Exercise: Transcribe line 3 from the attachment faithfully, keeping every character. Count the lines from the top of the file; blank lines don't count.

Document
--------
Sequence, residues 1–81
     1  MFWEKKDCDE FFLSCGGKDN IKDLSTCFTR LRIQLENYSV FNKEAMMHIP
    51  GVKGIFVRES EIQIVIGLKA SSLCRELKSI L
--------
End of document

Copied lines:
    51  GVKGIFVRES EIQIVIGLKA SSLCRELKSI L